Me and Sherwin are sparring over the value and democratic character of those disappearing newspapers. We’re pretty much not talking to each other because of it, which is sad, because he’s like, one of my best friends ever. Still, he’s wrong so what am I supposed to do? And now Jesse Brown has turned on me as well.

You’ll miss those newspapers when they’re gone, I swear to god. All of you.


Forgive me for saying so, but I know a thing or two about enhancing photographs. I’ve put some time in as a satellite and aerial imagery analyst, and as a hobby photographer I make no apologies about Photoshop. I grok histogram response curves, level shifting,  global  and local contrast, interpolation, headroom, falloff, edge detection, hue isolation and saturation expansion. I know you almost always zoom out (!) to see a pattern, but if you want to get into pixel-peeping, I know a little about decomposing a pixel into constituent spectral signatures, k-means clustering and machine-learning classification, and all the lovely supervised and unsupervised pixel binning techniques. If I give myself an hour to study up, I can even keep the Minimum Noise Transformation straight in my head for 15 minutes. And the N-Dimensional Visualizer speaks for itself.

There is an enormous amount you can do to make a shape or pattern or shade of interest stand out in a image, by tweaking the colour or contrast response, or exploiting extra parts of the light spectrum to help the computer find hidden colours. You can fuzz together noisy patterns to see the shapes behind them, or bin together multiple pixels to lighten up the darkness. Just about the only thing you can’t do is create detail where there wasn’t any to begin with.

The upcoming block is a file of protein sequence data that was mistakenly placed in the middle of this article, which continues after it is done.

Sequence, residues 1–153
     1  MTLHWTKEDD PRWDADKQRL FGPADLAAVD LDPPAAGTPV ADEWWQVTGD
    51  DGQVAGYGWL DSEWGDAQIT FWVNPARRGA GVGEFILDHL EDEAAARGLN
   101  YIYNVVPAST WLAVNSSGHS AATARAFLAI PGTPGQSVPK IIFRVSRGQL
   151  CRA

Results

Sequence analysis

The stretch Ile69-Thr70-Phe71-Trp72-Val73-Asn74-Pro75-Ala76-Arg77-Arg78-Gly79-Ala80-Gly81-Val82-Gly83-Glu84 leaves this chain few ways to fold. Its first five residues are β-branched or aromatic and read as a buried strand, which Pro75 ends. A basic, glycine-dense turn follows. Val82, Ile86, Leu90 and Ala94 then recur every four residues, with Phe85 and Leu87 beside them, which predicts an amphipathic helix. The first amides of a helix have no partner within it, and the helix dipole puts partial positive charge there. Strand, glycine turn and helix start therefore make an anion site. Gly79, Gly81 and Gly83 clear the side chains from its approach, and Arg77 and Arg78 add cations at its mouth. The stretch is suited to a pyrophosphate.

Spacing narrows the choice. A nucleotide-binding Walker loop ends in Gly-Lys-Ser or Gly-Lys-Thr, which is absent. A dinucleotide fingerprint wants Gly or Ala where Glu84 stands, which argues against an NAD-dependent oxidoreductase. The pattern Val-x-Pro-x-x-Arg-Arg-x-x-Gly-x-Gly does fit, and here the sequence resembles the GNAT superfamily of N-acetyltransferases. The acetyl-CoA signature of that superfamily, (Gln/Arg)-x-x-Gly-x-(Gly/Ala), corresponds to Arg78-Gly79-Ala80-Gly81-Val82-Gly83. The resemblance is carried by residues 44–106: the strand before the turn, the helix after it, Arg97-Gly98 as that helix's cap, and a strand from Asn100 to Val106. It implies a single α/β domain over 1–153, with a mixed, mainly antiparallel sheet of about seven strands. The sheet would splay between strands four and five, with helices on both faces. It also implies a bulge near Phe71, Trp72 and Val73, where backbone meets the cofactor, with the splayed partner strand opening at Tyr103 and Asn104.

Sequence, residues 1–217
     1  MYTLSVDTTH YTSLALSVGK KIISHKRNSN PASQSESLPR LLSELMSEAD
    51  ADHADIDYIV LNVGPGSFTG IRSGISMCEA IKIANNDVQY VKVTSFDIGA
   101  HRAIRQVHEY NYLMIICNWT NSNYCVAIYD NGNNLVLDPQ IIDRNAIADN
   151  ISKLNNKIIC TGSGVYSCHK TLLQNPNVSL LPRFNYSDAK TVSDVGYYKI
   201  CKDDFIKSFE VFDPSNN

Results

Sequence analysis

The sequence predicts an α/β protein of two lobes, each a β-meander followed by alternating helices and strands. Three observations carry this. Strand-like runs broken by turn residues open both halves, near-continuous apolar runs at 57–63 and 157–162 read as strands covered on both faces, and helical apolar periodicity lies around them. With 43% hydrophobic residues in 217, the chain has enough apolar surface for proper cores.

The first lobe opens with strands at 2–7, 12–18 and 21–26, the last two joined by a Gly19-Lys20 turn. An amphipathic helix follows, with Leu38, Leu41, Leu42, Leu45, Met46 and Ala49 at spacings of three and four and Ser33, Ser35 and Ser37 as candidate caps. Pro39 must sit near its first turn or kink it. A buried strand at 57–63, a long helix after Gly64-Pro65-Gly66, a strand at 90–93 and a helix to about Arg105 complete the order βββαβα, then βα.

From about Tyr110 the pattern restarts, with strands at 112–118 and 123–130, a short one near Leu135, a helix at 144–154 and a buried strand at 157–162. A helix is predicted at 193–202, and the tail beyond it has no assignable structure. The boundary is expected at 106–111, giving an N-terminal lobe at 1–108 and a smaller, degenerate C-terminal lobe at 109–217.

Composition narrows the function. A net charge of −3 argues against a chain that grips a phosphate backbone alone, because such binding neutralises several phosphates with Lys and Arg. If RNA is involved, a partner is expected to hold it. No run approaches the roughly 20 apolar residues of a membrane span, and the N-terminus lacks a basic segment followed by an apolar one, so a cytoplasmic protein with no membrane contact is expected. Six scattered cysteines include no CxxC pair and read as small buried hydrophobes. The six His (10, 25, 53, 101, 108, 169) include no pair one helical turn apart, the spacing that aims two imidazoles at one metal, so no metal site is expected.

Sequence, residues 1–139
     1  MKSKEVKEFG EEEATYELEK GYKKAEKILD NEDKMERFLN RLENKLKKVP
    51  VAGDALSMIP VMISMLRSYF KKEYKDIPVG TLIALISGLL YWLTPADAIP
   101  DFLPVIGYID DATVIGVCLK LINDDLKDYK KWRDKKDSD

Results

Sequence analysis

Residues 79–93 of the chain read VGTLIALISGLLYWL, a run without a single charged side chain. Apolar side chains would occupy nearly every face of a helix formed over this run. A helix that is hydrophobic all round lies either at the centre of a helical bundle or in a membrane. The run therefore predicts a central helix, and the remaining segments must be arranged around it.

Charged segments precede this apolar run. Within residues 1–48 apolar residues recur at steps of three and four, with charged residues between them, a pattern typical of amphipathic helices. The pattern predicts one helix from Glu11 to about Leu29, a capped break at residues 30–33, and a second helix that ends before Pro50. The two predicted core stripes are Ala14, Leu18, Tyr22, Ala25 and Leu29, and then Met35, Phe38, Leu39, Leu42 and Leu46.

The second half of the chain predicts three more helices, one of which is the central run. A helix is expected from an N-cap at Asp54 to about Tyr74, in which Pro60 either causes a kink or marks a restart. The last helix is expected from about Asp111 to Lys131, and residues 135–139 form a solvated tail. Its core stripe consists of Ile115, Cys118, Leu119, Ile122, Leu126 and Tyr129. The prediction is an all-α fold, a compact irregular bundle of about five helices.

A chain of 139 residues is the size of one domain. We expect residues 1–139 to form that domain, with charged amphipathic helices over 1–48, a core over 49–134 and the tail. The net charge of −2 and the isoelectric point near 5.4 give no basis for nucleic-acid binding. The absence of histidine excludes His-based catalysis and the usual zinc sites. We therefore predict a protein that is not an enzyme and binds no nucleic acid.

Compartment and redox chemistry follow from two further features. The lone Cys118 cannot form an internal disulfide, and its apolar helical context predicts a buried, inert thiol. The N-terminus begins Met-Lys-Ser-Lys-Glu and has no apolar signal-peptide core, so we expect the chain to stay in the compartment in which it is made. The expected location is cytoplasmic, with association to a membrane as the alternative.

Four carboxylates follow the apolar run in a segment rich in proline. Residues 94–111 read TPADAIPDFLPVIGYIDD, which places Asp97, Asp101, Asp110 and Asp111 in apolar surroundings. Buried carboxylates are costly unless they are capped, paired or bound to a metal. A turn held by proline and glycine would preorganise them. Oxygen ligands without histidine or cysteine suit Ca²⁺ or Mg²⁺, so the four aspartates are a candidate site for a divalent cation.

So I get grumpy every time I watch a movie with an image analysis scene, and the one and only thing they always always do is the one damn thing you can’t.

dunk3d made a montage:

Two they left out:

Bladerunner (the original?)

and of course Super Troopers

…(although it’s true that imagery analysts wear state trooper uniforms to operate their computer terminals.)

Project Grizzly Streaming at NFB

Project Grizzly is up at NFB!

I can’t remember where I first saw this crazy thing. Afterwards, when people started talking about Herzog’s Grizzly Man, it took me a while to sort out that they meant a different movie. “Wait, in the grizzly man documentary you’re talking about, he doesn’t don homemade battle armour and search out bears for combat?”

Peter Lynch, 1996, 72 min
In this feature-length documentary, Troy James Hurtubise goes face to face with Canada’s most deadly land mammal, the grizzly bear. Troy is the creator of what he hopes is a grizzly-proof suit, and he repeatedly tests his armour – and courage – in stunts that are both hair-raising and hilarious. Directed by Peter Lynch, the film has become a cult classic in the United States and is rumoured to be a favourite of director Quentin Tarantino.”

A Badly Recorded Presidential Dinner with John Hodgman

Here is a video of John Hodgman’s remarks following the presidents own speech to the Radio & TV Correspondents’ Dinner last night:

You will note that there is a significant cross-circuit hum, and that the audio is de-synced from the video. And yet, I have to admit that they didn’t screw up the recording of Hodgman as much as I did.

John Cleese’s VHS-Era Pitch for Proportional Representation

In 4 days BC votes on the provincial government, and more importantly on whether to become the first major jurisdiction in North America to bring in a proportional representation voting system.

I have the same worries about proportional representation that I’ve always had — de-localizing politics, reducing the transparency and hence accountability of the voting mechanism. The Single Transferable Vote system proposed mitigates the de-localization concern substantially, but definitely makes my head hurt when I try to imagine how exactly a given set of marks on a ballot would translate into somebody getting elected or not.